By Wayne Stoltz
There is a foster care crisis in the United States. Children are taken into foster care for three main reasons: deprivation, abandonment, and abuse. Cases range from homeless children whose parents have lost their jobs to two brothers whose mother committed suicide and an infant with numerous broken bones going straight from the hospital into foster care. These stories are played out throughout the nation.
Approximately 500,000 American children and youth are in foster care today, and there are only about half of the necessary foster families to care for them. The problem is large but the solution is local. One organization, which began in partnership with my local United Methodist church, is working to change the way foster care is done in America.
Like many good ideas, FaithBridge Foster Care began with two people with a vision for societal change. Bill Hancock, FaithBridge’s CEO and president, had spent his entire career in policy and administration of child welfare, and I was involved in missions at Mt. Bethel United Methodist Church in Marietta, Georgia. Each week, for many months, we met and defined a new model and new strategies for the way foster care should be done. Rather than considering the national problem, we considered it to be a problem in our local community, and we focused on developing a local solution that could be scaled to a national scope.
Our discussions centered on how to address three problems in the foster care system: capacity, stability, and quality. We developed concepts and strategies for FaithBridge, and I began talks with the missions committee and senior pastor about the possibility of Mt. Bethel starting a pilot program for FaithBridge. Our church had an active, dedicated missions program and in large part, this missions focus has helped the church grow to 9,000 members. We formed the Mt. Bethel Foster Care committee, garnered support, and were awarded a significant grant from the missions budget to fund the start up of FaithBridge Foster Care. This included setting up the non-profit status, working with the state to earn the designation of a child placing agency, and hiring Bill Hancock as its executive director.
“When I heard about this idea, I knew it was something we had to do,” said Pastor Randy Mickler, senior pastor at Mt. Bethel UM Church for 23 years. “As scripture says, ‘take care of the widow and orphans.’ We wanted to do whatever we could to help.”
“The foster care program at Mt. Bethel is part of our compassion into action philosophy,” Mickler continued. “We are called to go beyond our church walls and carry Christ out into the community. These children are batted around from one family or state organization to the next and it’s our honor and duty to provide them with a safe, loving Christian environment. This program makes Mt. Bethel proud to be a church.”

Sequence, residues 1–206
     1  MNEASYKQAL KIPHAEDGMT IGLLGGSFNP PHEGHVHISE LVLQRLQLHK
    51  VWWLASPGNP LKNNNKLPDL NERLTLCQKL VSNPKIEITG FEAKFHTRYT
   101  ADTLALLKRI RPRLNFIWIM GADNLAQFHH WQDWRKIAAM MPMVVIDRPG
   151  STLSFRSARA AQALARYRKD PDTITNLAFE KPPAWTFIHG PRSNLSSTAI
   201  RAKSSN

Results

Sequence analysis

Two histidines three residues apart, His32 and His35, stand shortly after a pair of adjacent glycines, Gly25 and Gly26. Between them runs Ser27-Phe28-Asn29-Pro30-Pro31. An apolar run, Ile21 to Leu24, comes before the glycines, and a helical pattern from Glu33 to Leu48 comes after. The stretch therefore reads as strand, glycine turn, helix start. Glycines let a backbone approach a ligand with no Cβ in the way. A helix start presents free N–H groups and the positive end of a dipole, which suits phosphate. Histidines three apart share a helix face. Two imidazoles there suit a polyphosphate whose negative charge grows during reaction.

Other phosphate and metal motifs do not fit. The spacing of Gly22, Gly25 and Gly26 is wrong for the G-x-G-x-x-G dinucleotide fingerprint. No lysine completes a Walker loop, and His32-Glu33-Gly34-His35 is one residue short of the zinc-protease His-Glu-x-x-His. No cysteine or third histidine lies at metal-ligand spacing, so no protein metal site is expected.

The FaithBridge approach
FaithBridge Foster Care believes the local church can act as a delivery channel for foster care, solving the problems of capacity, stability, and quality that are endemic to the current system. FaithBridge mobilizes and equips churches to provide the services that foster families need to be successful.
To do this, FaithBridge creates within the church a small group network known as the Community of Care, a team of volunteers who act as a support system to foster families and foster children. They help find resources, such as clothes and toys, and act as an extended family, providing respite services, mentoring, special recreation, and extra-curricular activities. Providing this kind of support is critical to encourage good, stable families to become foster families.
Nationally, almost half of the foster families drop out every year because they are overwhelmed by a system that lacks the resources or personnel to help them. The FaithBridge Community of Care model ensures they have the help they need when they need it. They are not alone. This approach also reduces the workload for government child welfare departments while increasing effective placement and quality care.
As founder and organizational leader, Bill has walked the walk and talked the talk. He and his wife have fostered more than 50 children throughout the years, and Bill knows firsthand how it is to feel seemingly alone in this world, having had to leave his own home at the age of 15.